Here’s what I know about SIG Sauer. The P210 is a joy to shoot and everybody should have one. The German-made P226 is a phenomenal duty sidearm by any standard. The P320 deserved to be the next US military sidearm, and the Legion version of that gun is outstanding. I dig the MCX a whole lot more than I ever thought I would, and it’s the “AR” I find myself pulling out more than any of the others I own. Beyond that, you’re not going to learn much from me about SIG.
You will, however, learn a whole heck of a lot more from the Vickers Guide to SIG Sauer Volume I.
The Vickers Guide series is named for their primary author, Larry Vickers. If you don’t know who Larry Vickers is, he’s a former US Army 1st Special Forces Division Task Force Delta Operator (meaning he’s passed the SOFD-D Operator’s Training Course). He then went on to become an absolute legend in Delta Force and beyond.
Vickers helped with the design and adoption of the HK416, created the “Vickers Sling” by Blue Force Gear that’s now an issue item, and a whole lot more. Seriously, there should be a Vickers Guide on Larry Vickers. It would be a multi volume set.
I’m sure there are people who have handled more guns, but few have had the opportunity to actually employ them in the environments for which they were intended. His level of direct knowledge of so many small arms systems is likely unparalleled in the modern world.
There are several guides, including the guides to the 1911, AR-15 (2 volume), WWII Germany (2 volume), Kalashnikov (2 volume), and now SIG Sauer. Currently, only Volume I of the SIG Sauer series has been printed, although the jacket lists a Volume 2.
All of these guides are very much coffee table books. Volume I of the SIG Sauer series is no different. There are over 450 pages of mostly larger-than-life-size photos, almost all on pure white backgrounds with perfect clarity and detail.
Priced at five dollars shy of a Benjamin, this book ain’t cheap. For the quality of the work, and the quality of the physical book itself, though, that’s a great price.
All of the guides feature a sewn binding that’s popular on large format books like these. It allows the book to open and lay mostly flat for a full view of each photo without sacrificing the integrity of the binding itself. The standard version, like the one reviewed here, is a light blue linen hardcover with foil-stamped highlights and a ribbon bookmark.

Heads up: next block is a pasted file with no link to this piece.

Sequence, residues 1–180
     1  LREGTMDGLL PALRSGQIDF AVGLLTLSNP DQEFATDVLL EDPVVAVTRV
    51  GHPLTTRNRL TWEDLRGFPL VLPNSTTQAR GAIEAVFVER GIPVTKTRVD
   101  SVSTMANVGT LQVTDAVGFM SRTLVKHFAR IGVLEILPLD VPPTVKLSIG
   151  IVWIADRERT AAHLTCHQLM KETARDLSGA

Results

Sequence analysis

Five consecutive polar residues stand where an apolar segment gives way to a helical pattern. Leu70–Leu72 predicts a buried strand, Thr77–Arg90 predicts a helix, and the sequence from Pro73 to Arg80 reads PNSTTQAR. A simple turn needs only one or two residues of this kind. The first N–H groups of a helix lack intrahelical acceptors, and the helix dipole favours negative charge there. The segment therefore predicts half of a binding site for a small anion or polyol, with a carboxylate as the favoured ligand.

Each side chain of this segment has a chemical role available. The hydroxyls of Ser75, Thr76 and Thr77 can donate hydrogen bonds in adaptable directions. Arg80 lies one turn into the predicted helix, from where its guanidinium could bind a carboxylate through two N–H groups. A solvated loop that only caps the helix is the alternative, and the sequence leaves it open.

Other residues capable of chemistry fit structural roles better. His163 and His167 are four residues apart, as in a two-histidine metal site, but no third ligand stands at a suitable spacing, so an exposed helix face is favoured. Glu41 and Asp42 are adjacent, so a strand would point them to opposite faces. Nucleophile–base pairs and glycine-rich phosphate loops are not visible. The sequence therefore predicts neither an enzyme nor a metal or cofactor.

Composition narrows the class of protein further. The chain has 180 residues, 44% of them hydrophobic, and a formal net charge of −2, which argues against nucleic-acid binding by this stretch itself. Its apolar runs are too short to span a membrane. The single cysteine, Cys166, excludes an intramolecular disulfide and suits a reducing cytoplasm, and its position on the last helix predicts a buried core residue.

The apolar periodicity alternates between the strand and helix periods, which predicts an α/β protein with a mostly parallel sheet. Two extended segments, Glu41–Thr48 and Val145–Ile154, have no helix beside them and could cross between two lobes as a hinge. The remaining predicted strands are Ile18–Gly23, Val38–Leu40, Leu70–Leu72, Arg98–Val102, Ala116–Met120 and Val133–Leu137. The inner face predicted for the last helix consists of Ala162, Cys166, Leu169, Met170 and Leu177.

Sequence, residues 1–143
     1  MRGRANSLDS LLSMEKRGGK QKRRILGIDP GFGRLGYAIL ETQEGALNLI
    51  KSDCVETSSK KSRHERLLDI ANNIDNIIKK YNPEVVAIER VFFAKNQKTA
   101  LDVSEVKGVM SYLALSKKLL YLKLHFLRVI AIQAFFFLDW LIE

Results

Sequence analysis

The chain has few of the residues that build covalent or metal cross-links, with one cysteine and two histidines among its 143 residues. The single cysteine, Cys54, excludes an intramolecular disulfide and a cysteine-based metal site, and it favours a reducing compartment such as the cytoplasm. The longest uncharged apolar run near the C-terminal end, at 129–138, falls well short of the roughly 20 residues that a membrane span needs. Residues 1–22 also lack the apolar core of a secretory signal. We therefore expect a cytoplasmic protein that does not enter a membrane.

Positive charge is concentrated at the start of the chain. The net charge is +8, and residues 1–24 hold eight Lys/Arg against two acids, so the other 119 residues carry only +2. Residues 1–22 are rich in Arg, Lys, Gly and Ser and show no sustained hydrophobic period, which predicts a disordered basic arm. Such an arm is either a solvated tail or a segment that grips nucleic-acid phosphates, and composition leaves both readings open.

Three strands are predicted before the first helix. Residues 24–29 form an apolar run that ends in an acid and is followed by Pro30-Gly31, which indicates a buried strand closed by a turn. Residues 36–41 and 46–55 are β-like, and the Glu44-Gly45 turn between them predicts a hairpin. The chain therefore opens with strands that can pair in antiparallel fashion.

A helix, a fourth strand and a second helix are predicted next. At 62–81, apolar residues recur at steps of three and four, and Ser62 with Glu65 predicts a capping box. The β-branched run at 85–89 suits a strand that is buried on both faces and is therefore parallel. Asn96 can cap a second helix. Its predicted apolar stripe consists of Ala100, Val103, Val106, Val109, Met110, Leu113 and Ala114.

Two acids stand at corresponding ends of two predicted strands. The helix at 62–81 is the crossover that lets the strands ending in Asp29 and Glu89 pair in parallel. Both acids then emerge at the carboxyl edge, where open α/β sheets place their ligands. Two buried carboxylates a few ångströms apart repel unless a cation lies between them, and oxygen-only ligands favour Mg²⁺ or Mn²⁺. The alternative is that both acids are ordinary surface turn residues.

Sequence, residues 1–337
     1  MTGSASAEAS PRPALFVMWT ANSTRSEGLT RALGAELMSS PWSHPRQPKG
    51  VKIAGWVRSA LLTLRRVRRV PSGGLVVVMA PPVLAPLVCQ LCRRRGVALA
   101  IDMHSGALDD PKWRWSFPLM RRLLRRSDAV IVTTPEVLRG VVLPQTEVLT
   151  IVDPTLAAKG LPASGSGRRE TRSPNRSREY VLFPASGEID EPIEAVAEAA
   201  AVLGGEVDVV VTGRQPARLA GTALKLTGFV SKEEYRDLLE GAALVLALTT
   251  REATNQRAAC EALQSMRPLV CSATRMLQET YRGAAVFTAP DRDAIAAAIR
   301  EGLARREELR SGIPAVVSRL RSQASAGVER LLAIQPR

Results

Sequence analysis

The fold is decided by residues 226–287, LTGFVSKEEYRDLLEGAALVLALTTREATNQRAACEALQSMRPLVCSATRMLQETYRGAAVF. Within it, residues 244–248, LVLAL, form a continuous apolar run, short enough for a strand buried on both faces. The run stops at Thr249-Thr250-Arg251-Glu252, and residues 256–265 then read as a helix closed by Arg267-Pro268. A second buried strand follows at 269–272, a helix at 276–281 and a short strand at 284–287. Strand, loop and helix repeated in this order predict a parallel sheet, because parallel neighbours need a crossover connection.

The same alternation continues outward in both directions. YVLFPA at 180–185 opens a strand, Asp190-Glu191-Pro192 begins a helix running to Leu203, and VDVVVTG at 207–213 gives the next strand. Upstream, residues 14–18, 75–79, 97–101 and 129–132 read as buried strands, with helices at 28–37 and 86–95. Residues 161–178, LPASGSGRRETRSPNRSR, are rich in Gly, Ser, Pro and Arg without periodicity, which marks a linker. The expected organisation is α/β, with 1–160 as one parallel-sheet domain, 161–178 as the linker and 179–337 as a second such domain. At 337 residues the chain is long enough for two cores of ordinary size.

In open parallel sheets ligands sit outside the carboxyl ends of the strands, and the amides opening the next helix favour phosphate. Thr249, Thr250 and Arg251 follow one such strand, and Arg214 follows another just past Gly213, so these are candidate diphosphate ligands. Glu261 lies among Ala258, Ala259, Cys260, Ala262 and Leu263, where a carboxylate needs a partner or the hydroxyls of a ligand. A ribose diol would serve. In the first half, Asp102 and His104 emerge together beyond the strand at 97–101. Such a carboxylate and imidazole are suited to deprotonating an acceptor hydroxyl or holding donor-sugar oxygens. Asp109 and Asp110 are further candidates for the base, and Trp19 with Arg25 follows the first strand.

The dust jacket has a full cover XM17 on the front and an assortment of pistols and submachine guns on the back.
The authors credited include Larry Vickers, James Rupley, Ian McCollum, and Leonardo M. Antaris. Additionally, there are several contributors to the book, including names gun folks might know, like Ian Travis Hardy and Jack Carr.
Volume I of the guide deals almost solely with pistols. Those include the three early SIG pistols, the M1894 Blow-Forward, Chylewski Vest Pocket Pistol, and the modèle 1935A. The meat of the book is devoted to the P210, P220, P320, several small compact pistols including the P365, and submachine guns, including the MPX.
What’s particularly great about the Vickers series of books — and this one is no different — is that the authors spend all the pages it takes to fully explore each firearm. For example there are a full 140 pages dedicated to the P220, to include the P75, P226, and P229.
No, there isn’t a lot of text. There’s a little bit of text, schematics and photo after photo of multiple variations on a theme of each model. You’ll find a Danish M49 “Vickers Custom” on page 47, an X-Five Bianchi on page 220, and a 3D printed P365 prototype on page 360.
There may not be much text, but if you read carefully and pay attention to the photos, the text is information dense. Page 428 describes the early prototype of the MPX and notes that the original experiment included many, if not most parts of the design were from the previous SIG 516 rifle.
You’ll also find photos of extremely rare versions of some of SIG’s most popular guns. Page 231 includes photos of the drop-dead-gorgeous P226X-Six Scandic Blue Pearl Mastershop version with it’s DuPont Ilaflon coating, fancy wraparound wood rips, and gold plated controls.
What you won’t find in the book is a detailed history of the company SIG Sauer itself. It mentions the start of the company as the Swiss Wagon Factory in 1853, and then spends but one single page on the changes and expansions of the company over the next 150 plus years.
If there was anything I’d appreciate more of in this book, this would be it. The people behind the company and the reasons decisions were made always fascinate me just as much as the guns themselves. We learn a lot about the “what” by learning about the “who.”
I don’t know enough about SIG Sauer to know if the guide is truly exhaustive, but it is certainly comprehensive. The organization of the work is by model, and then chronologically in development. The careful reader can see how each firearm was developed, bit by bit, over the generations. It’s extremely informative, and even instructive.
The Vickers guides never disappoint. The SIG Sauer guide was the least interesting book of the series for me, and yet, I’ve read it multiple times now. It’s hard not to appreciate these guns when so much attention to them is lavished in these pages, and Vickers’ clear love for some of the models is contagious.